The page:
Of course, the Picard series finale features some Shakespeare – /Film

Jean-Luc Picard has been a fan of the Bard for nearly as long as it’s been around, thanks in no small part to Stewart’s own history with Shakespeare and the franchise’s pre-existing literary streak. As The LA Times puts it, when Stewart was cast in “Star Trek: The Next Generation” in 1987, the outlet referred to him as an “unknown British Shakespearean actor.” It was a superlative that stuck, as co-star Brent Spiner apparently made a sign for the door of Stewart’s trailer emblazoned with that exact phrase.

Soon, however, Stewart became well known, and his history on stage in Shakespearean productions became intertwined with the character he played on the much-loved series. Picard’s first Shakespearean reference appears in the first episode of “Star Trek: The Next Generation,” when he quotes “Henry VI, Part 2” in his first confrontation with Q (John de Lancie). Shakespeare’s plays appear again and again throughout the series, with both Picard and Data (Spiner) turning to the Bard’s plays as a key to understanding the totality of the human condition.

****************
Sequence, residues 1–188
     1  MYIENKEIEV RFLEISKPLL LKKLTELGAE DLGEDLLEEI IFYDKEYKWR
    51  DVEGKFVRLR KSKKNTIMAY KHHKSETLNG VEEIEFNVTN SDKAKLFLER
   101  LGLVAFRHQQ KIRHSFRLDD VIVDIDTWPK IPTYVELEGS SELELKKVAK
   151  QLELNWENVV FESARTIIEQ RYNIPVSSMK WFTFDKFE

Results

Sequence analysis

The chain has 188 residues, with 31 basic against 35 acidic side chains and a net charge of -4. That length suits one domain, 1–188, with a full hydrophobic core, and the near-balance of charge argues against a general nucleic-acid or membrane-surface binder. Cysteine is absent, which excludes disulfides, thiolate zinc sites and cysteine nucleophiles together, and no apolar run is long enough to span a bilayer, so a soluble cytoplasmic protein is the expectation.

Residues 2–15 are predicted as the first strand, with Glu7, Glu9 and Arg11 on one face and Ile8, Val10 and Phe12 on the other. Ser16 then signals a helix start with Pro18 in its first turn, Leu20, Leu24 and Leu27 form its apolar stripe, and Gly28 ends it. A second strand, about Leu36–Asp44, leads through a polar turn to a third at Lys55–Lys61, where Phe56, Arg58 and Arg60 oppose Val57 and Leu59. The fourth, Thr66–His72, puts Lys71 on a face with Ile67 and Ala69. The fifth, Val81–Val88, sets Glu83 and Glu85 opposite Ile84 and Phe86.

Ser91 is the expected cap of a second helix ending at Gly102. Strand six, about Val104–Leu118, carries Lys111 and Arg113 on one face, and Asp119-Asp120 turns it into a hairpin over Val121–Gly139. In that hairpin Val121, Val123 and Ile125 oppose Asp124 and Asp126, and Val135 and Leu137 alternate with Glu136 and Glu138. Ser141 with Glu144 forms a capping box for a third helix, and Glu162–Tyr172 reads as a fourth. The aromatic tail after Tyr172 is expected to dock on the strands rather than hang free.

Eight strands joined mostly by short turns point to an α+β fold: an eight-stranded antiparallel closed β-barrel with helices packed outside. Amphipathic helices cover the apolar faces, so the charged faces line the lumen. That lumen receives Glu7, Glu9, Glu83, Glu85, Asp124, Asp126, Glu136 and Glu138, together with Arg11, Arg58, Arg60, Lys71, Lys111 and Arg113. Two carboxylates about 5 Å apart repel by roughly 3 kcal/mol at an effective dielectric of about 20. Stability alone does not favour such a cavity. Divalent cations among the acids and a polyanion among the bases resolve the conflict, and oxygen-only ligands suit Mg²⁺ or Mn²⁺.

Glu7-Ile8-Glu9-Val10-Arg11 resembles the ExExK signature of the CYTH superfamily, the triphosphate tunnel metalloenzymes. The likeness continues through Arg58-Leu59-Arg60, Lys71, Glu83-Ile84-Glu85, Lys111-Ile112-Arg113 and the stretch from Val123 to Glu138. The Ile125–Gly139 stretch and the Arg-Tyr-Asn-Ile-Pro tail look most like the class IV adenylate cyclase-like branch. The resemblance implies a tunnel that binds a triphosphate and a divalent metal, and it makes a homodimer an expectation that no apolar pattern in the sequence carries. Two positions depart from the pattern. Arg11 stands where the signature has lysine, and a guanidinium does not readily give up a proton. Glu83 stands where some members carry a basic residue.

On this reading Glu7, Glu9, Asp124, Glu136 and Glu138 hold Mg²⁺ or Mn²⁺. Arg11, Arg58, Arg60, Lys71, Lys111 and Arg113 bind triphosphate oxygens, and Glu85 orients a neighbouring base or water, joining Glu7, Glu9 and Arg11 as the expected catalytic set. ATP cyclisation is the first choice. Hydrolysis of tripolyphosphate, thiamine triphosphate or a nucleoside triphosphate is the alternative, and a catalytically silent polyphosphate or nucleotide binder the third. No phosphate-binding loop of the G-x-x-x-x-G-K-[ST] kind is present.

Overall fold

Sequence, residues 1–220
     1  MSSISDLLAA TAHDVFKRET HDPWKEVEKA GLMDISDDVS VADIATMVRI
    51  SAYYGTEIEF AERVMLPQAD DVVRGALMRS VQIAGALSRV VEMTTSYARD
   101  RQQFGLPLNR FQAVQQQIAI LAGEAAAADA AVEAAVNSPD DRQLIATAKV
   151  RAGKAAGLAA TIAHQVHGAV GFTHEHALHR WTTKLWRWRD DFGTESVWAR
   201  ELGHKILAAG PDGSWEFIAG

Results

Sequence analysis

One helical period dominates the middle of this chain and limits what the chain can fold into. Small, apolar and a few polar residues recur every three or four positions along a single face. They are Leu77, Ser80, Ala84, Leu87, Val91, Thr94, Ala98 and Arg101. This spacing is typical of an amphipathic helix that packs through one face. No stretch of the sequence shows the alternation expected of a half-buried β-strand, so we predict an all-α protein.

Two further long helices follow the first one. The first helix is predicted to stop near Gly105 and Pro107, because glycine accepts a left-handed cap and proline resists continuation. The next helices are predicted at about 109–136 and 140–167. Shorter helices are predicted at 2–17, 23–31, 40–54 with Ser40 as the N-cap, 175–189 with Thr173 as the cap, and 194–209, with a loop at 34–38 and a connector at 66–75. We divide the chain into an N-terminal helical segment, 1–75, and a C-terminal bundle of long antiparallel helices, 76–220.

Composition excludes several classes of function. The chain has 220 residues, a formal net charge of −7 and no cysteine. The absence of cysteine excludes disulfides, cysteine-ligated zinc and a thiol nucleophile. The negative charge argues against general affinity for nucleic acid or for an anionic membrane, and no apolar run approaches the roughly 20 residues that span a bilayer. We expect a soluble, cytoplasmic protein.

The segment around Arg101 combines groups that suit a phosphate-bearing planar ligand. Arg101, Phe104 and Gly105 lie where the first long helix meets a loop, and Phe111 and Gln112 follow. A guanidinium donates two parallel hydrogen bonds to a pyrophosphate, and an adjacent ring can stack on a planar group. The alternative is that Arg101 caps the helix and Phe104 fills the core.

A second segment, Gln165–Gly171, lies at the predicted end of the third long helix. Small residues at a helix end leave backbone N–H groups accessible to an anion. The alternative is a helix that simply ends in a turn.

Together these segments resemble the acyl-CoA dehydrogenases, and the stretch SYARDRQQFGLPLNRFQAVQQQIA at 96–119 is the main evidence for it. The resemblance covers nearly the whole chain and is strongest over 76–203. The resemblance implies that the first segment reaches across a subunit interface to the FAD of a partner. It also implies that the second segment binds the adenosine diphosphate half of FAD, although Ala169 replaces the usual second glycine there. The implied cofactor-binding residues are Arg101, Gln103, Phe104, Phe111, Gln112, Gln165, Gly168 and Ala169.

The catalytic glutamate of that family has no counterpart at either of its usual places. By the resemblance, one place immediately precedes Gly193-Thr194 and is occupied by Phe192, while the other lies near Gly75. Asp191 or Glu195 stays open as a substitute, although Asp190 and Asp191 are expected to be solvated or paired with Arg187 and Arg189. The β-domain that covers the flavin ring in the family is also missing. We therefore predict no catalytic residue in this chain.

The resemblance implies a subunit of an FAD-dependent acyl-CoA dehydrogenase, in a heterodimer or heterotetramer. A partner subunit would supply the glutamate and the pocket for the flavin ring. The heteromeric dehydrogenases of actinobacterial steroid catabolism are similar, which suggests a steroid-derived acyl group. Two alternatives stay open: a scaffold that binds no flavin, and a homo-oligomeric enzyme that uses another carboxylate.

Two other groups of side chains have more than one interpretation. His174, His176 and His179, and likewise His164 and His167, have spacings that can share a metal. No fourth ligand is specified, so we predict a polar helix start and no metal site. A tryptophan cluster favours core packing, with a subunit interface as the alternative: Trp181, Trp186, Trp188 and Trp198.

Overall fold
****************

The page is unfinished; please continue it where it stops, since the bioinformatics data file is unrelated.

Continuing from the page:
“Star Trek” has been obsessed with Shakespeare’s plays since long before Picard set foot on the Enterprise-D. Five different episodes of Gene Roddenberry’s original series draw their titles from Shakespearean lines, including the fan-favorite time travel episode “All Our Yesterdays,” which references “Macbeth.” Over the decades, the franchise’s Shakespearean references have ranged from the silly (in one episode of “The Next Generation,” the team convinces a 19th-century landlady from Earth that they’re traveling actors working on a production of “A Midsummer Night’s Dream”) to the perceptive (in another, Picard uses Data’s performance as Prospero to comment on art, hope, and despair). As “Picard” comes to a close, she lands the takedown of her with an especially heartfelt recitation.

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